BAKERSFIELD, Calif. — Thursday morning Kern County Public Health said that they are closely monitoring several factors that are causing concern in the county's battle against COVID-19.
According to Kern County Chief Administrative Officer Ryan Also, the health department has seen an increase in the rate of COVID-19 transmissions, as well as an elevated rate of hospitalizations. These two rates, along with hospital capacity, are the factors the county uses to determine how quickly it can move through re-opening.
Kern County Public Health Services Director Matt Constantine said the department is talking with the state to help determine what is driving those increases, including if skilled nursing facilities and local prisons may be driving factors.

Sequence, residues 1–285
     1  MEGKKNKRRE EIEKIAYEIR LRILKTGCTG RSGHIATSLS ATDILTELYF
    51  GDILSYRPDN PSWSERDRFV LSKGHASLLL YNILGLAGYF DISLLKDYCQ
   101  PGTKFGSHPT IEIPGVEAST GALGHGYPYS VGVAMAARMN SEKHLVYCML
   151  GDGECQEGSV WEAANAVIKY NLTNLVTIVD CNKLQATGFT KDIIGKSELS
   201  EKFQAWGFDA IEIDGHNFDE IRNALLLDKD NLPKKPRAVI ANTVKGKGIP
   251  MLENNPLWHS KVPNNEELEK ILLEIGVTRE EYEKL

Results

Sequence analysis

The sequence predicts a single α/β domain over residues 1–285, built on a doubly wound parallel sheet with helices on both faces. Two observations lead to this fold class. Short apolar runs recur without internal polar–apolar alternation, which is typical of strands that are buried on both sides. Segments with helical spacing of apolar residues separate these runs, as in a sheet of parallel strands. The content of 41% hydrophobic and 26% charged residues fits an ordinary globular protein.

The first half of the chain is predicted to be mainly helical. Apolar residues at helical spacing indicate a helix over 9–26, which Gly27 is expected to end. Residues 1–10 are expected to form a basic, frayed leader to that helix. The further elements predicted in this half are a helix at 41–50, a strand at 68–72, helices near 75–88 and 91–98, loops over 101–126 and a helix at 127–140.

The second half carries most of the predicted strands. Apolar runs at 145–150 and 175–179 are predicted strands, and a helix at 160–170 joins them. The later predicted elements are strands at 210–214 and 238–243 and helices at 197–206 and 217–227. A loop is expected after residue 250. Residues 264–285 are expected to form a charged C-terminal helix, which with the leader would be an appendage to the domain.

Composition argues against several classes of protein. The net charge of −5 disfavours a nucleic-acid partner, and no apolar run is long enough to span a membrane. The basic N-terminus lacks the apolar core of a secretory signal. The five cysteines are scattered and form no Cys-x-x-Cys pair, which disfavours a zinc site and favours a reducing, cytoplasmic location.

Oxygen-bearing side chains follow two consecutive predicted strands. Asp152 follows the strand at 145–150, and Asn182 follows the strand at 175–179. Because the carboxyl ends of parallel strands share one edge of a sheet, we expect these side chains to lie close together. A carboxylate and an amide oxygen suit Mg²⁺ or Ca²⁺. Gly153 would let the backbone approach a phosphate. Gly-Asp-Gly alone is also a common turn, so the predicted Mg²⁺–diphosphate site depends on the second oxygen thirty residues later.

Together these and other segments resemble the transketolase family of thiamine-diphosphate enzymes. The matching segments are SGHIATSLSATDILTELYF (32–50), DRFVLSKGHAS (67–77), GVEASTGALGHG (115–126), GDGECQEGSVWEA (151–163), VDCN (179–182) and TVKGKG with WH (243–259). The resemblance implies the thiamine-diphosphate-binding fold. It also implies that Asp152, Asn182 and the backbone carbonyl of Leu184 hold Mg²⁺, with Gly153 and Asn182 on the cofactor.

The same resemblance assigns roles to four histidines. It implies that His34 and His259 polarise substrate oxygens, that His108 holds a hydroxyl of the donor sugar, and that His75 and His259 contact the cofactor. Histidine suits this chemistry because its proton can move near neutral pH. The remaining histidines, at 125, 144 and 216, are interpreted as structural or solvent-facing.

"We are seeing elevated transmission of COVID-19, along with elevated hospitalization rates. These trends if they continue may impact how we continue to reopen locally," said Alsop.
Though the county did not announce any plans to slow or reverse reopening, Alsop did say that they would be closely monitoring those factors in the days ahead.
Alsop also emphasized the importance of residents following the current health department guidelines regarding social distancing, hand washing, and the use of personal protective equipment such as masks and face coverings to help prevent the spread of the disease.
In addition, the county announced that 13 of 19 skilled nursing facilities in the county have reported positive cases of COVID-19. As part of the testing, the county said the facilites would have to go through a checklist and develop a mitigation plan that will need to be provided to the state. The state will then work with specific counties to figure out the proper support needed for the facilities.
During this morning's briefing, public health officials reporting there have been more than 3,000 positive cases of COVID-19 locally. Of those, more than 2,000 have recovered. Unfortunately, 51 people locally have died of coronavirus.